THE BAKERSFIELD CAUPOUNIAN, MONDAY, SEPTEMBER 14, 1936 Take It Out of Politics, Is Plea of State Official to County Leaders {United Went tcaict SACRAMENTO, Sept. 14.— State " Controller Ray .Ii. RHey advised county supervisors to take unemployment out of politico and place It under a business administration. Addressing more than 200 super- .visors who assembled tit llii? state fair, Rlley said that the soclul problem probably would remain with us a long tlmo und that supervisors should do their part In settling down to a sensible business method of handling the situation. "The problem cannot bo solved by social workers," Rlloy Bald. "I think the tlmo has come to take two Important steps: "I. AVo should take the local worker out of politics and establish a standard to which each niuat conform. "2. Wo should have a commission of business men." Riley said he believed that California people were Intelligent but were too eager to "try anything once." After pointing out that the state 'acted as a collection agency for spe clal funds and counties, he advised the supervisors should discontinue asking the stato to collect taxes for local purposes. Of the $430,000,000 budgeted for state purposes this blennlum, only $75,000,000 would be used for stato expenses, the remainder being used for special funds or for return to counties, Rlley paid. <»« » New Laundry Plan . Is Launched Here Bakersfiold Is to have a new, fast laundry aervlce, according to an announcement made today of the" opening of Valley Laundry & Dry Clean- Ing ut 430 Kentucky street, Bakersfield. F. J. MrNully, who heads the •new organization, wtatos that his firm will specialize In one-day laundry service, plus a more complete dry cleaning service. "We feel BUI-O that Bakersfiold will 'welcome a speedy laundry service," Mr. McNulty declared. "All of outwork is done In one of the finest, most modern und complete plants In the west. Only pure soup and .soft jvater Is used. Our modern methods of handling laundry insures better attention to cleaning and longer preservation of fabrics. If laundry bundles arc brought to our office a discount is allowed ugalnst the regular price. Due to our facilities for handling a large volume of business we are able to offer considerably lower prices for lailndry work. "Our dry cleaning department Is ono of the most complete to be found anywhere. Besides men's and women's and regular family and house hold dry cleaning we have adequate facilities for handling all types of commercial dry cleaning, such as large rugs and drupes found In department stores and offices. No piece Is too large or too small for our plant." Mr. MrN'ulty stated that his firm will maintain a regular pick-up an-1 delivery servlco in Bakertificld. By calling CS33 laundry or dry Cleaning will be picked up In the regular manner and returned when cleaned. Laundry will be returned In on<» day after It Is picked up or left at the » company's offices. • » » ARCHITECT PICKED LOS ANOKL13S, Sept. 1-1. (A. P.)— Robert D. Murray, Los Angeles architect, will servo us consulting • architect for tho new Santa. Monica post office. Murray, notified of his appointment, said ho would leave Monday for Washington, D. C., to work with L. A. Simon, supervising architect of tho treasury department, on the $316,000 project which Is expected to be ready for occupancy In a llttlo over a year. State Deficit to Be Cut, Reported f, \ttoclatfd 1'rcs* leatct Wire) SACRAMENTO, Sept. 14.— State Controller Ray L. Rlley predicted today that Increasing state revenues will cut $20,000,000 off the anticipated state general fund deficit, making It about $60,000,000 for tho present 1835-87 blennlum. Rlloy previously has estimated a deficit of $70.000,000. He said: "There Is a general Improvement In tho state revenue situation. Tho salea tax Is averaging $2,500,000 a quarter In excess of estimates, or a total of $20,000,000 every three months. "The new Incomo tax IB exceeding estimates slightly. Other revenues coming Into tho general fund of tho state arc approximating tho original estimates. The net result probably will be a reduction of the estimated $70,000,000 deficit by $20.000,000. "I anticipate a general fund deficit approximating $50,000,000 as of Juno 30, 1937, tho end of tho blen- nlum." I'OUCE OBT THANKS WOBURN, Mass., Sept, 14. (U. P,) Hero's one time Frank Oustln was glad a policeman stopped him, Mo had started for Grand Rapids, Mich., by automobile and unknowingly left his baggage behind. Police were notified and asked to head him off. They radioed Lexington police a few miles distant, und In a few minutes Gustin had intercepted the massage. New Commanding Officers Picked for Seventh and Eighth Corps Areas "WASHINGTON, Sept. 14.—New commanding officers for tho Seventh and Eighth Corps Arcaa to succeed the present generals who soon will retire have been announced by tho i war department. Major General Morbort J. liroes, now commanding tho Second division, was assigned to commend tho i Eighth Corps Area nt Fort Sam Houston, Texas, and Major General Stanlny II. Ford, now commanding the First division, was given command of the Seventh Corps Area ut Omaha, Neb. Both changes arc effective October 1. Breoa will succeed Major General Frank Parker und Ford will succeed Major General Frank C, Bolles. Both Parker and Holies will bo retired on September 30, having reached the statutory retirement ago. Major General James K. Parsons was assigned to succeed Brees as commander of the Second division at Fort Sam Houston. Parsons now commands Vancouver barracks, Washington. No succession has been named for Ford In command of the First division ut Fort Hamilton, PARADE of FASHIONS roBuv NicH*' ...THE WAY THEY HELP IRRITATIONS HEAL FASTER Skin irritations disappear end poor complexions are aided by regular use of CuticuraSoap and Ointmen t. They help refine the skin as well as relieve burning and itching. Buy at your druggist's. FREE sample by writing "Cuticura" Dept. 26, Maiden, Mass. CUTItURA SOAP AND OINTMENT "/ WAS CRIPPLED BY ARTHRITIS-" Mr. Hugh Walpole World-Famoiu Novelist, tells In thli remarkable letter how he was relieved by Genuine RO-MARI (from Great Britain) "I «MU attacked in both hands by Arthritis, and was in hoipitalnn Lot Anrelei, New York and London. Notmni tai-t mt telitf. I trai in atony ...Thtn IbtRan taking KO-MARJ. Within lu o weckt all the milling had font douti. That waj a year ago and I have had no touch of rheu- tnatJim of *ny kind during the year. This i) an exact true account of how RO-MARI helped me." « Developed by > phyiklin In IWIf.it, IfcUnd for hit iteitment of Anhrltii.Set- itiu, Ncurltii ind tilled illmcnu when ciuud by ovet-icid condition!... Widely uied by doctori «nj ih« public In Greet Briuln. . Now Iro ported dlttctlr from th« doctor'* tibontorr rot the benefit of Am* erU»n wfTertn. t Genuine KOMARIi;d«»i«ned(oitrlke •t the CAUSE of trouble, not meteiy to temporary relief.. .Offer* Arth. " E HOPE o* For Sa/t H*n EXCLUSIVELY by Kimball & Stone Nineteenth and Chester WITH THIS GORGEOUS NEW 1937 MODEL UNDID LOW DOWN PAYMENT EA'SY TERMS Mode/ 9K2 Step oul lo London, Paris, Australia—to police cars and airplanes- and also step out among your friends wilh this luxurious big radio lhal will give any living room an air of wealth and refinement! Tremendous tuning range- to 60,000 kcs! Exclusive Selector Dial. Built-in Antenna Coupler. The rafiio you've longed for. BROCK'S APPLIANCES PR. PAINLESS PARKER DENTHT 20th and CHESTER AVENUE BAKERSFIELD OINTAl Q,iriC|l IN MlHClfAl PACIFIC COAIf CITIH MAGIC BRAIN MAGIC EYE METAL TUIES — featuring mncic UOICE Now Shown for the First Time A SENSATION AT BROCK'S PRESENTS A COMPLETE REVIEW OF THE FALL MODE Chester Avenue and Twentieth Street Windows Display the Most Exclusive in Authentic Apparel If you want a first-hand, authentic guide as to what will be worn hy well dressed women this rail you arc invited to inspect Brock's formal presentation of the mode. Eleven donhle windows-—22 panes on Chester avenue and Twentieth street, reveal every phase of fashion in an interesting and informative way. lioth Ready-to-Wcar Departments- tlie Fashion Floor and Downstairs Store—have a full complement of authoritative styles on display or within easv access. See these windows and visit either or both fashion departments—an inspection will tell you that Fall Fashions swing high — and the sky is the limit to their smartness. FOR DINING AND DANCING Taffeta, Satin and Velvet in stunning styles, featuring swing skirls, high sleeves and slim waists. FUR TRIMMED COSTUMES Very much a'la mode, for Fall, with hairy surface and hold nuhhy fabric* and furs of Mole, Russian Fox and Kid. PRINCESS DRESSES- TUNIC FROCKS Dresses that flare from the waist and slim your hips. For afternoon or all through the day wear; fabrics of rough or nubby crepe. SPORT COATS Some are fur trimmed and others unlritnmed. These may be fitted with a flare or swagger -both are smart. Soft fleecy wool in all shades and including black. FUR TRIMMED DRESS COATS Black comes first followed by brown, green and rust tones. Collars are large and luxurious looking. Most coats are helled, with flare below the knees. Materials are rough looking but soft. This is only a part of the story, for the rest of it — and the mos4 thrilling part is seeing ami trying on some of these gorgeous new fashions. Visit Brock's Parade of Fashions for a complete picture of the vogue for Fall. YOU ARE INVITED 134 SO MEZZANINE FASHION FLOOR AND DOWNSTAIRS BROCK'S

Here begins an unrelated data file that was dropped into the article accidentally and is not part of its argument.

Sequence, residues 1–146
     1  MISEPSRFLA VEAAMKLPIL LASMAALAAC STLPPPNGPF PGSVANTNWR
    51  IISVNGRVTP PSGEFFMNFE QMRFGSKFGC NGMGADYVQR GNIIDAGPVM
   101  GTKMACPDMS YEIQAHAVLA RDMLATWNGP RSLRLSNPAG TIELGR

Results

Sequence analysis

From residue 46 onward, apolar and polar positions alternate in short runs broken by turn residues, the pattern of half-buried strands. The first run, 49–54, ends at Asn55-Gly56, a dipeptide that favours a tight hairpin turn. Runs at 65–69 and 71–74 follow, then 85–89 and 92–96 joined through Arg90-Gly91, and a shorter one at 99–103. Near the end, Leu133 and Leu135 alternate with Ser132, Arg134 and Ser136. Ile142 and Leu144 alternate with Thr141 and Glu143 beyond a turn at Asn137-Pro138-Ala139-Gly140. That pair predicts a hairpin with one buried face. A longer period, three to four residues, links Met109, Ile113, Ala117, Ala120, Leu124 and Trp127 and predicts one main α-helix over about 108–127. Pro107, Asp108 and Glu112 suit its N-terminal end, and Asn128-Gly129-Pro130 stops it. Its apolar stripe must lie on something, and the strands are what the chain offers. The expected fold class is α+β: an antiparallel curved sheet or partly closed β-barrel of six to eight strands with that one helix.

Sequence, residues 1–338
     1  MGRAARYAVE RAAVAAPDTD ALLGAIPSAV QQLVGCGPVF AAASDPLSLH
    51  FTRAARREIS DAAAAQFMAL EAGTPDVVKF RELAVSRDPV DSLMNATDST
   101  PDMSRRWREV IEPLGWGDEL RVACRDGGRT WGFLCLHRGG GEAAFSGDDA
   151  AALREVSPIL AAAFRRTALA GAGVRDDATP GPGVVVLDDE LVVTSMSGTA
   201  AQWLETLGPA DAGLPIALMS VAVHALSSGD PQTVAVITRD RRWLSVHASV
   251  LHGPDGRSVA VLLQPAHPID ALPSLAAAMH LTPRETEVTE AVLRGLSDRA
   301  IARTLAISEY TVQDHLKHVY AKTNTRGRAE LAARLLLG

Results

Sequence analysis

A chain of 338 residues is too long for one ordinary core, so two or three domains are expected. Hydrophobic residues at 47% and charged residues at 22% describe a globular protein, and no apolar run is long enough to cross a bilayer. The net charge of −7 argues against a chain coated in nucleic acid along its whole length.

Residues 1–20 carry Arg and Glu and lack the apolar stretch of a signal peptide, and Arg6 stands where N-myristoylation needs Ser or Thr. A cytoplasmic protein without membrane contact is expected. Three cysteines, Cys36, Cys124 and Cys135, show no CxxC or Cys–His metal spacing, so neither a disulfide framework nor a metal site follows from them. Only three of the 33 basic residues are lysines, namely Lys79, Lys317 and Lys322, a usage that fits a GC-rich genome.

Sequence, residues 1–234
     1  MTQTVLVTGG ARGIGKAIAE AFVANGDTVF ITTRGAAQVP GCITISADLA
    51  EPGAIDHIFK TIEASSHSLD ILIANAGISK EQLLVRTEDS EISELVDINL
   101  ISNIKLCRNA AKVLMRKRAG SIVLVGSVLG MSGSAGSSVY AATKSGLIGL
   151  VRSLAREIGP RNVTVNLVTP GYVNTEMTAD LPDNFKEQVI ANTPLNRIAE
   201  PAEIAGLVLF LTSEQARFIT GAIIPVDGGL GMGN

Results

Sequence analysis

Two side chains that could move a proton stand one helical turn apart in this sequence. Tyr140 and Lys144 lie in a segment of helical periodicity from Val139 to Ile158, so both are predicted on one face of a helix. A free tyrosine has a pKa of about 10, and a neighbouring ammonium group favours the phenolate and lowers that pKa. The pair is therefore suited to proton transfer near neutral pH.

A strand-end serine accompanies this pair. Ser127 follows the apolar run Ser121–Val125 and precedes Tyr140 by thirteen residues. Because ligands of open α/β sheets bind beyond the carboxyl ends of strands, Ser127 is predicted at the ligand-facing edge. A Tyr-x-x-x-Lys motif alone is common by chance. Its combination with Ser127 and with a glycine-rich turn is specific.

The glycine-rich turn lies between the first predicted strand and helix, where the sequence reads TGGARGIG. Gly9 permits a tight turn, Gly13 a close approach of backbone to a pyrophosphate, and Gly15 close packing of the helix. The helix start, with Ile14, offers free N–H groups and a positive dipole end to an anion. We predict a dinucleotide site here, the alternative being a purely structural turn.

What members have found on this page

Get access to Newspapers.com

  • The largest online newspaper archive
  • 11,100+ newspapers from the 1700s–2000s
  • Millions of additional pages added every month

Try it free